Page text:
Laurie King-Irani, North American Coordinator
email: This email address is being protected from spambots. You need JavaScript enabled to view it..

The ruling of the Belgian Court of Cassation and commentary by the legal team representing the plaintiffs is available in the original French and English translation (unofficial) on the website of the International Campaign for Justice for the Victims of Sabra and Shatila,

The International Campaign for Justice for the Victims of Sabra and Shatila

An open letter to Foreign Minister Netanyahu from the Sabra and Shatila massacre survivors' legal team

13 February 2003
Mr. Benjamin Netanyahu
Minister of Foreign Affairs

Dear Mr. Netanyahu,

On Thursday, you declared that the Belgian Supreme court made "a scandalous decision, which legitimizes terror and harms those who fight it. This turns the tables -- when those who fight terror turn into the accused and the terrorists are victorious."

As counsels of the plaintiffs, 28 Palestinian and Lebanese survivors of the Sabra and Shatila massacre, we cannot accept your language, tone, or the characterization of yesterday's landmark ruling. Our clients are not "terrorists," but ordinary people who were raped, tortured, and wounded; who were forced to witness -- and relive everyday since -- the slaughter of their children, parents, husbands and wives, or who had their close relatives "disappeared." By calling these victimized survivors "terrorists," after all that they have endured for over twenty years, you have brought shame upon yourself as Foreign Minister, and upon your country, which, to its great credit, acknowledged the responsibility of Israeli politicians and military in this crime against humanity two decades ago, yet has never gone one additional and crucial step further by legally prosecuting the perpetrators and compensating the victims.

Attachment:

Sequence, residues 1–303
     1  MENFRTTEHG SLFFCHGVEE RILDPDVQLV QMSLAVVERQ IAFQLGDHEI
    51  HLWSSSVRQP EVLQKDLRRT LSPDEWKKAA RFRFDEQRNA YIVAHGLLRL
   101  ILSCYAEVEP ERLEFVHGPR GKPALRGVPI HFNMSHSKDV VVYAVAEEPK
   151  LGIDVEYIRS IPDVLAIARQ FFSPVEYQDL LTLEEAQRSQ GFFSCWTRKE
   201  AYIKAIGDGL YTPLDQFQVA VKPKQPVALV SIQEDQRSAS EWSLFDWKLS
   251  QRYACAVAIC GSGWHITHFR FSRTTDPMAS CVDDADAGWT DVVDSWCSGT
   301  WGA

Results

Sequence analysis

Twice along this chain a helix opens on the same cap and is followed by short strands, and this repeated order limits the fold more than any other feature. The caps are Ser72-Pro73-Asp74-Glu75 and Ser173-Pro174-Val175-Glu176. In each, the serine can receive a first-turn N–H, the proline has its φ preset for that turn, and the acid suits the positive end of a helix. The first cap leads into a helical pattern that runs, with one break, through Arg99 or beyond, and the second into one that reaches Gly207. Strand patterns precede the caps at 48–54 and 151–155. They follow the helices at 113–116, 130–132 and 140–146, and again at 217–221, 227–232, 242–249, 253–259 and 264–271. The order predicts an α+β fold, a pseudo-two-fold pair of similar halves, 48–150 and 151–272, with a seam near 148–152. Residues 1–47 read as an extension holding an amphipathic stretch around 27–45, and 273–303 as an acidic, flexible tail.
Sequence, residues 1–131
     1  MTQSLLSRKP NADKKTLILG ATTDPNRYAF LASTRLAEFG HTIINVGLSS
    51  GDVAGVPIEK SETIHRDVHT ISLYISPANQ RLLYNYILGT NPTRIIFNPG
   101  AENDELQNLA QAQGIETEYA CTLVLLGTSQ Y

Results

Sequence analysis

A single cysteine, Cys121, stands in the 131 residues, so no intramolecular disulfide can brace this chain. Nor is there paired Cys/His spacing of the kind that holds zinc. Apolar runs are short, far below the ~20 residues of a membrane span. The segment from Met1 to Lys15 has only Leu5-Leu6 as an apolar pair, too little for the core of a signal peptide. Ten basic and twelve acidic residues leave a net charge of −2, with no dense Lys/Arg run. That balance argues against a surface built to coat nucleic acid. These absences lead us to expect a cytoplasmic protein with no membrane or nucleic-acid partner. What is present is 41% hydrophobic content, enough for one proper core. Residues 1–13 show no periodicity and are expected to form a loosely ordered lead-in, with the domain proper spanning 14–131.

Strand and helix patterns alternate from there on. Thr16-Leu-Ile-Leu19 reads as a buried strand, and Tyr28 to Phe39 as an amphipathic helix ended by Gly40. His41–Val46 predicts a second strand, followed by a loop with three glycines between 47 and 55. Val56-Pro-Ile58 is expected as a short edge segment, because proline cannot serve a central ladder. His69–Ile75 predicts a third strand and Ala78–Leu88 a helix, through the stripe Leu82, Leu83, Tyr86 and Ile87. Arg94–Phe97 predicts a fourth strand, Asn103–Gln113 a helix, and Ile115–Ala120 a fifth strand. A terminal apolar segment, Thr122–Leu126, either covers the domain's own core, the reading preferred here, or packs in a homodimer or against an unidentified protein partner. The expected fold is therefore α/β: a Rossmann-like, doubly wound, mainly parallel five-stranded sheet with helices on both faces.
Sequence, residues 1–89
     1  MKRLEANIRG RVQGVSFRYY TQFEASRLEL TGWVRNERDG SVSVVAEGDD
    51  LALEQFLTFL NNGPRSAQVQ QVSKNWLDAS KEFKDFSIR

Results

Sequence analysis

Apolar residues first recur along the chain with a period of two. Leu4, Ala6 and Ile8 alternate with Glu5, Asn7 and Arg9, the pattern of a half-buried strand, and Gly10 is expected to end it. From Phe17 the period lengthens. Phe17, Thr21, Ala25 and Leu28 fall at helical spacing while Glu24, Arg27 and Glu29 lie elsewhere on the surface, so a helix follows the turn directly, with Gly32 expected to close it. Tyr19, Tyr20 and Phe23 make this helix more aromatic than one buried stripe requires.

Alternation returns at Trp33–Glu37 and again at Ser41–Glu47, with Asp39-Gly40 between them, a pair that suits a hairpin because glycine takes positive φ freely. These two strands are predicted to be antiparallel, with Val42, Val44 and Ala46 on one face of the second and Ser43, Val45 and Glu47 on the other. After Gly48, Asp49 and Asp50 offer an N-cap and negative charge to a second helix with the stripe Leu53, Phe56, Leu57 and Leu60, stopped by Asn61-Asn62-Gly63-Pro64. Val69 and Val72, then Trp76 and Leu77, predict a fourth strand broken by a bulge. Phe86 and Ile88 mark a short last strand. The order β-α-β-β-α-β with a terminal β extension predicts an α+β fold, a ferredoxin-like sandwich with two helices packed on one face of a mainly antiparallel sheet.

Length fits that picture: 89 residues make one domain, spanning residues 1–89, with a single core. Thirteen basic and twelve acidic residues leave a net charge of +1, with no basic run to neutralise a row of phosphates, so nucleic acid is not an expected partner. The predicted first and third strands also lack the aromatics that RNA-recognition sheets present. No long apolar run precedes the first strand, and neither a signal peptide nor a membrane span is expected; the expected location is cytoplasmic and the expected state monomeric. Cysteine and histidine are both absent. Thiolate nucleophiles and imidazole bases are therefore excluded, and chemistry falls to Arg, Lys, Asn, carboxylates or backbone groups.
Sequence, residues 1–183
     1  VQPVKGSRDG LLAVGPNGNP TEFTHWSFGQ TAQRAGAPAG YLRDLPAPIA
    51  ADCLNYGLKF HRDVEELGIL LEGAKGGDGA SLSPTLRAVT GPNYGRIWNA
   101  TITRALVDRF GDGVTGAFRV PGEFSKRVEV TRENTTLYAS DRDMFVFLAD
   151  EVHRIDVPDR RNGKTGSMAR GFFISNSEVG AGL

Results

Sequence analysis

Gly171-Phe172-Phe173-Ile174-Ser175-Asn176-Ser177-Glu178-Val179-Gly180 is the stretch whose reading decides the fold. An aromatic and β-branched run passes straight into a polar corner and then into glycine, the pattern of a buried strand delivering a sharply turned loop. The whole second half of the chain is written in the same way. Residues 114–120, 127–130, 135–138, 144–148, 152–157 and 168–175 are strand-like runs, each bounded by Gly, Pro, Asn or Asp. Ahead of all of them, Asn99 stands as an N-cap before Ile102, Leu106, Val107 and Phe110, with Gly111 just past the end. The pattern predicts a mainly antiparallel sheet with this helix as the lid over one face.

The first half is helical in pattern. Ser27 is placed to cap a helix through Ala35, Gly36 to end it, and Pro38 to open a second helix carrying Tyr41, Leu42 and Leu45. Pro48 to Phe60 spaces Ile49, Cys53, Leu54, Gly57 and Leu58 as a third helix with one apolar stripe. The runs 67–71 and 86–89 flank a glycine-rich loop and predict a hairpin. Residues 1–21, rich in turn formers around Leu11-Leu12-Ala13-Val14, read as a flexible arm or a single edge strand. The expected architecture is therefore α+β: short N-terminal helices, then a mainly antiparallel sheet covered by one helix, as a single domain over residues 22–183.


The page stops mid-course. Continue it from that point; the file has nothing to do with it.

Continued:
As Minister of Foreign Affairs of Israel, you should not accuse the Belgian Supreme Court of legitimizing terrorism simply because it accepts the principle that Belgian courts have universal jurisdiction over perpetrators of war crimes, genocide, and crimes against humanity. Your country was the very first country in the world to endorse universal jurisdiction for such crimes in its national legislation. Israel arrested war criminals like Eichmann in other countries, or sought to have suspects extradited.
Israel has failed, however, in respecting and discharging its clear obligations under the Fourth Geneva Convention to arrest and prosecute those responsible for the Sabra and Shatila massacre, expressly qualified by the United Nations as an act of genocide and perpetrated in territory then under the control of the Israeli Defense Forces.

Your statement gratuitously inflicts additional pain and suffering on our clients. The Middle East has been plagued by violence and revenge for over half a century. Our clients' legal action constitutes the very first attempt by victims of mass violence in the region to seek redress through non-violent legal action before an independent court, and we expect any decent person in the world to respect this choice.

We are issuing this public request that you apologize for your cruel remarks.

Luc Walleyn, Michael Verhaeghe, Chibli Mallat